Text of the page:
Thanks as always!
Alright, next question is on page 225 of the blue book.
Small question here, but this is referring to the 腹巻き Kiki just pulled out of the paper bag, right? The text after the dialog (plus that fact that she pulls out 腹巻き for her parents next) makes me think this is referring to this 腹巻き and not a previous one, but I’m a little thrown off by あげた being in the past tense. Perhaps it’s just that she “gave” it to him already, just not physically yet.
I’m glad they do this in Japanese too.
= p247 of the red book.
Yes, definitely the new 腹巻き (to replace the one he lost on NYE)
あげた is in the past tense because it is modifying 作る. (Grammar point: “～てあげる”)
It’s not “I made it and I gave it to you”, it’s “I made it for you”
There’s an equally funny exchange in about 2 pages time!
I finally took the time to read through the final chapter today. All in all, I enjoyed this book more than the one I read for the Intermediate Book Club.
What were you impressions of the book? Did you feel, despite the challenges with reading it, like you gained anything from reading it?
To those who finished, お疲れ様でした。
Did you read through the last chapter all in one sitting? I’ll be sure to answer your real book club-like questions once I’ve finished the chapter.
I did; it took about an hour or so. That’s why hadn’t responded to your questions. But it seems that @Kyasurin did a great job at explaining.
Actually, I thought you had also finished. Now knowing that you haven’t finished, I would have waited to post those questions. My bad.
I’ve been reading the chapter for around 4-5 hours over 3 sittings, and I’ve read 10 of the 23 pages in the chapter.
@Kyasurin I got up to your “SEAN HELP” in the vocab sheet haha. Page 230 (blue) / 252 (red).
I think the meaning you put for 尻上がり (“feet-first somersault hanging from the horizontal bar”) is probably right. If you remember, when Kiki first built the new broomstick, she had some issues with getting it under control. I don’t remember if she ever actually ended up hanging from the broom by her feet (so I can’t say if this is using 尻上がり somewhat literally or just figuratively), but I think it’s a reasonable callback to that event.
Ahh you guys keep making me feel like I should be done already!
We are pretty 疲れた even if the book isn’t yet 終われた
(Sorry, couldn’t resist!)
I wish looking up words was faster… I can read a chapter in way less time than it takes me to use the dictionary!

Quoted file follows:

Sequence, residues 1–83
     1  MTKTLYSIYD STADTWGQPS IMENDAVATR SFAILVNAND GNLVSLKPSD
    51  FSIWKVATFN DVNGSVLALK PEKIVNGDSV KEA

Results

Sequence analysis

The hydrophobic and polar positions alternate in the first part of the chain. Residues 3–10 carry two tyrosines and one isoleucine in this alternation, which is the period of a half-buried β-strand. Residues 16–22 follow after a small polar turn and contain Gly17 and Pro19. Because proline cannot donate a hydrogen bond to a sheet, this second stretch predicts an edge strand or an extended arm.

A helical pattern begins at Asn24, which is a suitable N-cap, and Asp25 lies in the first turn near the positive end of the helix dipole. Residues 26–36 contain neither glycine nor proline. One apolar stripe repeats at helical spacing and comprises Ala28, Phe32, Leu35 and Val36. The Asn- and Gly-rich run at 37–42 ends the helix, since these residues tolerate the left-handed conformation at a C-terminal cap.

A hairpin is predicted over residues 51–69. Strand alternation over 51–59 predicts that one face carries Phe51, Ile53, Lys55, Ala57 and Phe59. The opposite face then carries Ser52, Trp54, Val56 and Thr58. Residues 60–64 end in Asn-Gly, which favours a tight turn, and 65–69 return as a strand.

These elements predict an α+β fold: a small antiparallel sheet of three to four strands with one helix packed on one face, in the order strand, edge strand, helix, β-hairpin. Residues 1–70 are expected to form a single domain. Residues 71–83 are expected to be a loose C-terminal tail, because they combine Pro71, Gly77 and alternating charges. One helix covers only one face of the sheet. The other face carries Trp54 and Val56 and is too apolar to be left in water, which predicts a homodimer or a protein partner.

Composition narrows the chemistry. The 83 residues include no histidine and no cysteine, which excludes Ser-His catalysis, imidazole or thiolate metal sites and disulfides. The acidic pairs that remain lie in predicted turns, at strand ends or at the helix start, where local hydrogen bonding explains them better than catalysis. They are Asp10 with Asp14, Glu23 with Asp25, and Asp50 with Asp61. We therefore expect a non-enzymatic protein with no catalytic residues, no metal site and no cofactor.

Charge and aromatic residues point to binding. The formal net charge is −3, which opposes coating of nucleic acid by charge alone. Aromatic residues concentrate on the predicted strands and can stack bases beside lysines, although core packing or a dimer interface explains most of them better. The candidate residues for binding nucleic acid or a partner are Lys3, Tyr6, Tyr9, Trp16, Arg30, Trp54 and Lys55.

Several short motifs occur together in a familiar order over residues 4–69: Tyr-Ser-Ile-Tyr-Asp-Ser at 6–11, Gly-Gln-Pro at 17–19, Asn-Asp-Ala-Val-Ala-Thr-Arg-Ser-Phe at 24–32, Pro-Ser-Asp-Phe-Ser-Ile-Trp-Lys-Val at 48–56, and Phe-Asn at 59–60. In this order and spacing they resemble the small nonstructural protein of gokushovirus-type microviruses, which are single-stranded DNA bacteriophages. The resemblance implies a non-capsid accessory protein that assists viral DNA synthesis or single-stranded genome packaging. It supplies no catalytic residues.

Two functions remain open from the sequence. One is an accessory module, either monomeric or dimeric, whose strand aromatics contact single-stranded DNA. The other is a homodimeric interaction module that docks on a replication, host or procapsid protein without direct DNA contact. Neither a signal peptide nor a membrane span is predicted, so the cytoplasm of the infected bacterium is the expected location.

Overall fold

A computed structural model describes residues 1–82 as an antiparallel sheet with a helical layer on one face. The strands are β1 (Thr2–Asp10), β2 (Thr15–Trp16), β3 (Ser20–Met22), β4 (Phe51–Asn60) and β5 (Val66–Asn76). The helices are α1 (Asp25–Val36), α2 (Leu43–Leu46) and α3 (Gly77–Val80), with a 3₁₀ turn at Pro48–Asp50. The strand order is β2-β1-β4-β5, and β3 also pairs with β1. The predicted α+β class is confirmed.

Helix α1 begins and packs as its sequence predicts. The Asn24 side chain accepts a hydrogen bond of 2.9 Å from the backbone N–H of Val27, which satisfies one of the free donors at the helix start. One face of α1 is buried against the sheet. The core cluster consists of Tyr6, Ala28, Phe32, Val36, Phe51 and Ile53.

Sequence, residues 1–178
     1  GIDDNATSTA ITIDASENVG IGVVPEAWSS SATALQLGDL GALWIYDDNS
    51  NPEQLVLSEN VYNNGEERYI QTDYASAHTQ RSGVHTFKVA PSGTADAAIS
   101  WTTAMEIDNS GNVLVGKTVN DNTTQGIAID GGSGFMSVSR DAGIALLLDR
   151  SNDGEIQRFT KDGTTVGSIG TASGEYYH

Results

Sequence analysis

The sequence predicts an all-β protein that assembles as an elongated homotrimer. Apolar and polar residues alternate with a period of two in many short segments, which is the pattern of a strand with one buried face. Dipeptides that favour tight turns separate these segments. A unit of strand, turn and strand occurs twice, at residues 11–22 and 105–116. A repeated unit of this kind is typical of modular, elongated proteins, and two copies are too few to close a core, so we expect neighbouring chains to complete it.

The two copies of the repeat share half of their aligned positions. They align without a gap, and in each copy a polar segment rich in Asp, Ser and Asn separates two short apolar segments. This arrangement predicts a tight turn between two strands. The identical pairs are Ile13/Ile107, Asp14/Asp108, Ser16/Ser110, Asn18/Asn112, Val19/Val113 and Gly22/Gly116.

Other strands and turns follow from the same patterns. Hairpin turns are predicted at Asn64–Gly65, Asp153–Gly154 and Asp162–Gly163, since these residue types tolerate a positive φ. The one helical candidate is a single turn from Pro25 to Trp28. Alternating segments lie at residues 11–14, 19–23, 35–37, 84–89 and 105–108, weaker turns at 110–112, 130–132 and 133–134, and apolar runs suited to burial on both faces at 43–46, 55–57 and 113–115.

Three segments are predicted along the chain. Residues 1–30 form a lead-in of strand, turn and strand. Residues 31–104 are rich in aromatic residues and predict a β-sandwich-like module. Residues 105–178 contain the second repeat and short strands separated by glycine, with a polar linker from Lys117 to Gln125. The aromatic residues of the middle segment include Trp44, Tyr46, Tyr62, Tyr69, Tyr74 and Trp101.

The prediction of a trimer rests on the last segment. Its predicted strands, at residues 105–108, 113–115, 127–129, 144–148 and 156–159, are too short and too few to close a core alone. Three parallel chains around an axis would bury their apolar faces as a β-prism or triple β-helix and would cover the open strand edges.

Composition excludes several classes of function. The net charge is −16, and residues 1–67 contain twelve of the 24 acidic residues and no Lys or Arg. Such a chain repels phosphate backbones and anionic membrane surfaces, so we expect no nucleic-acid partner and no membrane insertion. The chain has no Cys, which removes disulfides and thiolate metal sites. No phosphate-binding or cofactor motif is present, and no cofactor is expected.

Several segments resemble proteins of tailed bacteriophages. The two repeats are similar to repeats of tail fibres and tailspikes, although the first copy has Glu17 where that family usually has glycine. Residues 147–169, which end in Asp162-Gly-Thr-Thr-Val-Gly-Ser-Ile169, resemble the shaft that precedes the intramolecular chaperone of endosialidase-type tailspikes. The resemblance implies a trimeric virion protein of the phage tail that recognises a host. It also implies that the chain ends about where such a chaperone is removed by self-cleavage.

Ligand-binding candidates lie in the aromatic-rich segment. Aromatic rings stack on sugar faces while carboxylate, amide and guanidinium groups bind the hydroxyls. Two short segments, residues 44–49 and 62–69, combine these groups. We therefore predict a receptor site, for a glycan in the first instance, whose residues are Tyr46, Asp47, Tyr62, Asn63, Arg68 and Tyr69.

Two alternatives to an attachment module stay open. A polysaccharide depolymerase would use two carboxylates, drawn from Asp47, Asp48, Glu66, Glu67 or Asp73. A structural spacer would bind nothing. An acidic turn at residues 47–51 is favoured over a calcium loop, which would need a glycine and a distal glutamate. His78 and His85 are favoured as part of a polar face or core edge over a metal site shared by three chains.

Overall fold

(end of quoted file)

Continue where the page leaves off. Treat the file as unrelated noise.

Not to mention all the words you look up a million times because you just can’t remember them. For me, that’s mostly the onomatopoeia words.
I know! Also words I look up and then think “I would have known that instantly if only they’d used the kanji!”
Yeah that too…
OK, I have a grammar question (maybe for you @Lucasdesu)
On p257 of the red book, the following sentence:
This ~ては～、～ては～ is it common? I tried googling and came up with something saying it was equivalent to ～したり、～したり, but the examples they gave always used two contrasting verbs i.e. AしてはB、BしてはA, which is different from the sentence above.
Any clarification gratefully received!
And now for an illustration!
Some examples of 薄紫色の貝殻（うすむらさき色の貝がら）
My understanding was this was to express a repeated action that’s similar to ～たり. However neither the repetition of the pattern is necessary nor do the verbs have to have a contrasting relationship (e.g., on/off), though that’s how this grammar is usually used. I’m pretty sure you came across this on Maggie Sensei’s site during your research, but this is resembled the meaning even though the form wasn’t repeated.
- Whenever something happens / someone does something ~ (repeated situation/ habitual situation)
★ How to form:
Verb te-form Vて ( = te) + は ( = wa)
Note: In this usage, you don’t repeat ては ( = tewa) twice.
If, for example, a baby saw my face and smiled and it just happened once, you say:
= The baby smiled when she / he sees my face.
If the baby looked at my face and smiled and looked at my face and smiled…and it went on and on, you use ては ( = tewa)
= All the baby does is to look at my face and smile.
So essentially Kokiri-san, upon receiving her souvenir, (all she was doing was) holding the stomach warmer turning it about in her hands looking at it close to her face.
As for how common the ～ては、～ては is, I can’t tell you but I don’t think it has additional meaning beside emphasizing repetition (watch up until he talks about the repetition of ては). I’ll ask about it tomorrow with my conversation partner to confirm because I don’t know for sure.
On page 231 of the blue book, there’s a sentence that goes 「どの家も明かりをつけ、…」.
I’ve seen this どの～も pattern a couple times now, so I wanted to double check its meaning. Is it basically saying “Every ___”? So in this case, “every house has its lights on…”?
Also, they keep saying 一年目, but wouldn’t that mean “first year”? They keep saying it in the context of Kiki’s year away being done, but I don’t really understand why the author would use 一年目 instead of something like 一年間.
Nice callback by Jiji on page 234 (blue book) when he says いい内緒は三倍嬉しい、ってね.
@Kyasurin I think I’m finally caught up to you. That monologue by Kiki on page 235 blue (presumably 258 red) was really nice too. It helps that I understood 95% of it with just looking up a word or two. It has so much more impact when you don’t have to look up 10 words and some grammar to understand what’s going on!
yeah, i do that all the time, just keep forgetting the same words…
and onomatopoeia, man that’s difficult!
どんどん・rapidly / だんだん・gradually <<< i get these two confused all the time!!!